Down on the farm?

Farming businesses in the United States are still dominated by whites, but Mr. Flores (whose last name means “flowers” in English) is one of a growing number of Latinos who own or operate farms in the country. While the overall number of farms in the United States decreased by 4 percent from 2007 to 2012, during the same period the number of farms run by Hispanics increased by 21 percent to 67,000 from 55,570, according to data released in May from the government’s 2012 census of agriculture. The numbers signaled a small but consistent pattern of growth in agribusiness among Latinos, many of whom have gone from working in the fields to sitting in the head offices.

Many, like Mr. Flores, emigrated from Mexico in the 1970s and ’80s and worked their way up from picking produce to managing the business. They have classic American bootstrap stories of grit, determination and a little bit of luck. Some own the land they till while others rent. Many employ Mexicans whose language and job duties they understand intimately.

That is from Tanzina Vega, there is more here.

Comments

Those poor, exploited field workers.

So who pays for these Mexicans medical care and schooling for their kids? Those poor, exploited taxpayers?

Why do you think there are bad investments for taxpayers?

"many of whom have gone from working in the fields to sitting in the head offices": whenIwasbutalad, farms didn't have head offices.

"Many employ Mexicans..." There is a lot to unpack in there.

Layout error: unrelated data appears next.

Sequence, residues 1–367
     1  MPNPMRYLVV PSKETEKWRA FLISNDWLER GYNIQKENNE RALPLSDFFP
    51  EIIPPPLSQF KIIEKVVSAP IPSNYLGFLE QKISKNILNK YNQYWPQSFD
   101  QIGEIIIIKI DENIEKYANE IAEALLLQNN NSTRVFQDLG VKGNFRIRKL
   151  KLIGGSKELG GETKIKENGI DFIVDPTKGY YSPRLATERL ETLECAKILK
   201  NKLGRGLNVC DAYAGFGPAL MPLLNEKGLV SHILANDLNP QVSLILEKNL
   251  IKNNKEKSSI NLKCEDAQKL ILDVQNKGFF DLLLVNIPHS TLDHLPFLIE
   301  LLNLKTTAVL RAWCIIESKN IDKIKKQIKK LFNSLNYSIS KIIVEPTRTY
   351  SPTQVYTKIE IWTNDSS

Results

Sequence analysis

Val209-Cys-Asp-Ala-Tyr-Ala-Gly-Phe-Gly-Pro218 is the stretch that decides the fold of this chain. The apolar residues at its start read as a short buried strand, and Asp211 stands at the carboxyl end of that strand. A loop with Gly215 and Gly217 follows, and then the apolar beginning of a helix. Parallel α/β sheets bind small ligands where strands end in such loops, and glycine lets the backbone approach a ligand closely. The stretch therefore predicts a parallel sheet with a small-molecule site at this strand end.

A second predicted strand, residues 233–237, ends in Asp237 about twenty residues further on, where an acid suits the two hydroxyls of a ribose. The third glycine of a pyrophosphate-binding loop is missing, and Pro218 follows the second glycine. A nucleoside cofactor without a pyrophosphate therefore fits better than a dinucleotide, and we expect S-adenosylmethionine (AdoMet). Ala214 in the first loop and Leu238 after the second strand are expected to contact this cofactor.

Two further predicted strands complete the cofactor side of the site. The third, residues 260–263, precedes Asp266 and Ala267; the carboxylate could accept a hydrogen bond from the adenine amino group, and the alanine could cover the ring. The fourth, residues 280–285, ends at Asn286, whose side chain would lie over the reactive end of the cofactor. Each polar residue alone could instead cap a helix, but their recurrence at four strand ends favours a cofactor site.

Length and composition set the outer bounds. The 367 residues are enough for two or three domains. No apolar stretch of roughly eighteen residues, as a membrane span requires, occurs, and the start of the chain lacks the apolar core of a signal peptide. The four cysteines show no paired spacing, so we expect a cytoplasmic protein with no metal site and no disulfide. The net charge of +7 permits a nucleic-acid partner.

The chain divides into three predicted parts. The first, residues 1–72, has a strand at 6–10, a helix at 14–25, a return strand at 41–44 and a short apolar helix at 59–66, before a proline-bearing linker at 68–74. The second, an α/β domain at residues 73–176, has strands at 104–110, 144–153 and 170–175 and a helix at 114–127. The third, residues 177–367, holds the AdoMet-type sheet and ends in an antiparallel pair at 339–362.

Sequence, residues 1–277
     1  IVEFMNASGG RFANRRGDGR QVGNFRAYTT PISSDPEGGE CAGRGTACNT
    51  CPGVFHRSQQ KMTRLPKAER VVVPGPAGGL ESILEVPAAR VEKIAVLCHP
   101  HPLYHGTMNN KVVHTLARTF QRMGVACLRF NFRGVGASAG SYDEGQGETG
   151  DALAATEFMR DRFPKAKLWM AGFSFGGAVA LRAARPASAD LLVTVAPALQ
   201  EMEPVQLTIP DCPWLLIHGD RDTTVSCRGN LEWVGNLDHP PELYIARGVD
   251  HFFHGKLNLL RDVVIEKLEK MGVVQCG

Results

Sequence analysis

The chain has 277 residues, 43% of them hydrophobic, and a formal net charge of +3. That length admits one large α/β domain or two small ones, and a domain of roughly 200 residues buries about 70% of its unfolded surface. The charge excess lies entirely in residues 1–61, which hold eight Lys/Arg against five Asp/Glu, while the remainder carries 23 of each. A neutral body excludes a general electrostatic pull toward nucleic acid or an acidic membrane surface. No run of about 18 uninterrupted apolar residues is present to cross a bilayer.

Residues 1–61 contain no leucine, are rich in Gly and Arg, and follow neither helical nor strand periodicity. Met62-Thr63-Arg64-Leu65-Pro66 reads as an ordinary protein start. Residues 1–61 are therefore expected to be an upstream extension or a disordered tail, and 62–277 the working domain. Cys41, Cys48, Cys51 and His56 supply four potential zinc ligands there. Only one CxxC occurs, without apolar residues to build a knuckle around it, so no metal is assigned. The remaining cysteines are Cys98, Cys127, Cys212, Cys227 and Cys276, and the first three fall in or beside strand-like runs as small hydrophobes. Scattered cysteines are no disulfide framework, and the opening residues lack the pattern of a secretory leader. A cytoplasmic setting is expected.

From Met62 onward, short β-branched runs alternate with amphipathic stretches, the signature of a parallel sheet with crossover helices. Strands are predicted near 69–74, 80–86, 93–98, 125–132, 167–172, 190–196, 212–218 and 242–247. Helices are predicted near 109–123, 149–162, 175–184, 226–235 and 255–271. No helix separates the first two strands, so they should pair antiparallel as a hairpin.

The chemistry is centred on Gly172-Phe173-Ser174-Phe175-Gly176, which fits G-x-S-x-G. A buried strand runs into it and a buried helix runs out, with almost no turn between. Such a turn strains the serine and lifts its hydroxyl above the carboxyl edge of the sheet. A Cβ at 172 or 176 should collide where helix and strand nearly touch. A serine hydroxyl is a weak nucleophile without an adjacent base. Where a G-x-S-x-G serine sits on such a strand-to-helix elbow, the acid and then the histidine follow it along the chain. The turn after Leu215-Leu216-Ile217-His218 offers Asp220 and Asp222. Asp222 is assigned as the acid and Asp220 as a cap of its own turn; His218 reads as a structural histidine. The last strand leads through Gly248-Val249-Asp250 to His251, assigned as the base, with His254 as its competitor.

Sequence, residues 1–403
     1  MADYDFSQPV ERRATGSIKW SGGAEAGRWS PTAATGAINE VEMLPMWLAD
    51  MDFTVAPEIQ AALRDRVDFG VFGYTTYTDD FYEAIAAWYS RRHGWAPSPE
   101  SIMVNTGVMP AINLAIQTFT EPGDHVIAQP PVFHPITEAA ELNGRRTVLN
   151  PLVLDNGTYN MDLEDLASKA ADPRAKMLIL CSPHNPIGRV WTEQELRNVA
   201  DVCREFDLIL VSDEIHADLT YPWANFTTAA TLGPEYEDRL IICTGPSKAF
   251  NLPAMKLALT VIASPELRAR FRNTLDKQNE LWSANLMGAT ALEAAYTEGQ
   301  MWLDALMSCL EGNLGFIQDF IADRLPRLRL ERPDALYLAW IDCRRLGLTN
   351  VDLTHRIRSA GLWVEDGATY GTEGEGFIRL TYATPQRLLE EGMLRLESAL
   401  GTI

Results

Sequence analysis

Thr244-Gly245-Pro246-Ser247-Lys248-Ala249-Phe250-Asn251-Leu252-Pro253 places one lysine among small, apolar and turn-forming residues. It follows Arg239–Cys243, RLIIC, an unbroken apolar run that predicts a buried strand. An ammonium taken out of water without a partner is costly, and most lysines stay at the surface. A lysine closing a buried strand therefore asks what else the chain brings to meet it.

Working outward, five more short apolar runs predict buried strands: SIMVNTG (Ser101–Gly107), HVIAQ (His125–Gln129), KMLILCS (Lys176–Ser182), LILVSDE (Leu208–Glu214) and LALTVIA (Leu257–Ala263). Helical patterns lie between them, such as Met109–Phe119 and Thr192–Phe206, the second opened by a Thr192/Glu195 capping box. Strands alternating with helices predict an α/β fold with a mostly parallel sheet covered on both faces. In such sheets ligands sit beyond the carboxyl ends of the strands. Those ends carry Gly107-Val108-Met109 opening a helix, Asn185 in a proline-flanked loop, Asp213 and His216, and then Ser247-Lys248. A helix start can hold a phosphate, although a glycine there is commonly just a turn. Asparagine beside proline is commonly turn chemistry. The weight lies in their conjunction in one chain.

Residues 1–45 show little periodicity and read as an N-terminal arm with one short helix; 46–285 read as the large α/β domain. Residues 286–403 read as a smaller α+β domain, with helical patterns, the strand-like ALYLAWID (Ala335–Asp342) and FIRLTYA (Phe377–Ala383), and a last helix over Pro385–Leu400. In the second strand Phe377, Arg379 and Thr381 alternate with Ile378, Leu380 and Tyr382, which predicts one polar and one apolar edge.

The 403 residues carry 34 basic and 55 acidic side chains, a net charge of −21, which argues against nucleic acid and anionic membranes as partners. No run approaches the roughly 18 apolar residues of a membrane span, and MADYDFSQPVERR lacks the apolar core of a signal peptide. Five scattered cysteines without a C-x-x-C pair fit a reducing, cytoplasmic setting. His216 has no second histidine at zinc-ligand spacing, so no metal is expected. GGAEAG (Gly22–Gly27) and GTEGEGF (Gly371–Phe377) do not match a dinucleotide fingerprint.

From the article:

"The majority of Hispanic-owned agricultural businesses are family-run...he employs his daughters to help him run the business.... [The] president of Fernandez Brothers...expects his 19-year-old son to go into the business.

Some of the younger, second- or third-generation Hispanics entering the industry have advanced degrees in agriculture or business."

Some people would call this the American Dream. Others nowadays would say this is another example of rich CEOs' children getting all the internship opportunities and educational advantages. When these second- and third-generation Hispanics stay in the same top-quantile income bracket as their parents', will that be another example of decreasing "income mobility"?

Also, I am confused as to how these farmworkers became presidents of their businesses. Since unions are responsible for all workers' gains, were these promotions part of some union contract?

I wonder if immigrants tend to take over in the industries they are employed in. Reminds me of the article on Sikh families taking over parmesan production in Lombardy when they started at as the dairy workers and expanded. That was linked by tyler here: http://marginalrevolution.com/marginalrevolution/2011/10/sikhs-defend-and-promote-parmesan-cheese-the-culture-that-is-italy.html

Also lot of Sikhs in agriculture in Central California.

"Flores means flowers in English?". Funny, I'd have suspected Spanish...

+1

so hispanics own roughly 12k more farms, how many is this in relation to the total amount of farms?

(answer in a link, but still lazy writing)

Even the number of farms is not very informative, since farming operations have vastly different scales. If a Hispanic-owned farm is next to a White-owned one that is 40 times bigger, what sense does it make to say, "Fully half of the farms are Hispanic owned."

good point

Farming is hard, unrewarding work, so we're condemning these poor Latinos to wage slavery! Right? Oh, that was yesterday; today it's a good thing. Can I have the Identity Politics agenda for tomorrow, so I know if we've always been at war with Latino Farmers?

Perhaps when word gets out about how much each subsidy each vaca receives, the Tea Party will roust itself in righteous Libertarian wrath.

I wonder if mexican's relationship with GMO's is different to others. This can be produce land ownership shifts sooner than later.

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